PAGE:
Fitting - I wanted the wheel to transition into the chair so half the thickness was cut in the shape of the back of the chair. This formed a snug fit and also helped shift the downward force onto the back of the chair. Metal brackets were attached to the vertical uprights of the chair and the plywood backing of the lower section for support.

Painting - I sprayed the entire piece with a Wagner Power Sprayer using latex paint. Again it is critical to use water based solvent free coatings on the foam or it will melt. Once it is sealed, you can then apply spray paint. If you have a good budget you can apply a product by Rosco called Foam Coat that will give it a hard durable shell and avoid chipping. Over the base layer of brown I used multiple browns and golds. Finally I rubbed the whole piece down with a bronze metallic glaze that settled into the weathering to give depth.

Handle Mounts - Next was addition of the handle mounts. I used a wood bit with a spade tip to drill holes around the circumference. The hole size was matched the diameter of the PEX tubing used to join the handles (see pictures). A length of PEX was cut and holes were drilled to allow the gorilla glue to seep through the surface as it expanded and dried, locking them into place.

Handles - 1" wood dowel was purchased from Home Depot. It was cut into 8" lengths and shaped/weathered using a bench grinder. The surface was painted brown, rubbed with a bronze glaze and the base was painted gold. The entire handle was sprayed with a clear sealer after. Each handle had a ~4" hole drilled so that it would slide over the PEX tubing posts glued into the wheel. This allowed fast breakdown and assembly while staying as compact as possible during transport.

Step 4: Tenticles

I wanted to go for a look where the tentacles were coming out of the surface of the stage ready to pull the throne under the surface.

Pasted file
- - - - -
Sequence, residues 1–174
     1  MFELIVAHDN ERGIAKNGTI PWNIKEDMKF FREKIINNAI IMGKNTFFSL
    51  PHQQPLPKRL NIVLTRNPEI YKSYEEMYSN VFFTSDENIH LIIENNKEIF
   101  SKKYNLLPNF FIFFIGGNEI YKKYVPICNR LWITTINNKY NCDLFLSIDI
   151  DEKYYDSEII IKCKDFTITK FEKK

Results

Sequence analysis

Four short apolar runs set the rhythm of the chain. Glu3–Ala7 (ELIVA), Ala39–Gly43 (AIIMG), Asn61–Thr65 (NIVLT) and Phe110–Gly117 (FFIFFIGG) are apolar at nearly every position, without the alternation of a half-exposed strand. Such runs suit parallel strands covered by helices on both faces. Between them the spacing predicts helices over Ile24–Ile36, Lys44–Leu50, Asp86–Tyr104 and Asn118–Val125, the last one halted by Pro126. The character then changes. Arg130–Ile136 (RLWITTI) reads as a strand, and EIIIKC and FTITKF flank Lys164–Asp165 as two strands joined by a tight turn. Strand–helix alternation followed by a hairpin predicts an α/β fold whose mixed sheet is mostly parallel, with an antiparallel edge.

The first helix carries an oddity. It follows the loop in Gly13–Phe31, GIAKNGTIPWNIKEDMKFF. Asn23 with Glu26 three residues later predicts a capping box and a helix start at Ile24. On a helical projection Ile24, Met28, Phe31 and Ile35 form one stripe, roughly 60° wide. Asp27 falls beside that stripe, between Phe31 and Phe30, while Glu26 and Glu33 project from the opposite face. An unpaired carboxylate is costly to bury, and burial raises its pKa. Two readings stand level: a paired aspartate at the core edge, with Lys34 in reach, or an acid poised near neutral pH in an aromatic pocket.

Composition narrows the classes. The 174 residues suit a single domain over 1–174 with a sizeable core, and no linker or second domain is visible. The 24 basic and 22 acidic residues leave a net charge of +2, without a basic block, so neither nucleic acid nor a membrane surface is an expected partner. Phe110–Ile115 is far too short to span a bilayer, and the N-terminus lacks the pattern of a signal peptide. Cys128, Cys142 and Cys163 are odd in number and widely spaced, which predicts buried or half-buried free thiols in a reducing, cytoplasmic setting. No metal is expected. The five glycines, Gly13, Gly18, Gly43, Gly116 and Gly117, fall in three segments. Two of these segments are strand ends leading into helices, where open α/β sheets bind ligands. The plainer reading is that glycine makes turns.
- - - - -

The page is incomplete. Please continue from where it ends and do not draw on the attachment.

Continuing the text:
The ingredients for this piece were simple. Foam, contact cement, a heat gun, and paint. I use a foam rubber called Cross-linked Polyethylene Foam which comes in varying thicknesses. I played around with fabric dart style cuts to get curvature and an organic shape. Once they were glued together, I go over every surface with a heat gun to barely melt the surface. The foam is very porous and will soak up paint indefinitely unless it is sealed.

The suckers were made from more polyethylene solid tubing cut in slices. It is very similar to pipe insulation.

NOTE: It is VERY hard to paint the tubing type of foam and not that durable. I recommend using one of the spray rubber products like PlastiDip or LeakStop followed by light coats of primer and final color.

Step 5: Cannons

The cannons were also a somewhat simple design. 8" PVC tubing was sprayed flat black. Rings of foam rubber were glued to the piece to give a gentle taper. A full length of foam was then glued on. End caps and detail rings on the exterior were added. Everything was shot with black leak stop rubber spray to seal it and give a cast metal appearance.

Air dusters were mounted inside with linkages to allow a steam effect to be shot out the end. You can find a link to that design in my other Instructables.

Shelving L brackets were used to attach each cannon to the chair, again for easy assembly/tear-down  on stage. Zip ties were also added around the entire diameter, hidden behind the exterior ring detail, to give a very robust mount.

Step 6: Finished Product

...and here you have the final product. The client is an amazing fashion designer and reupholstered the cushion following delivery. An alternate look with waves on the back was included.

I hope you enjoy and I'm happy to answer any questions you may have.

Shameless plug: Please vote for me in the upper right corner if you liked the write-up.

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    8 years ago

    I wanna be a pirate ever since I was a little kid....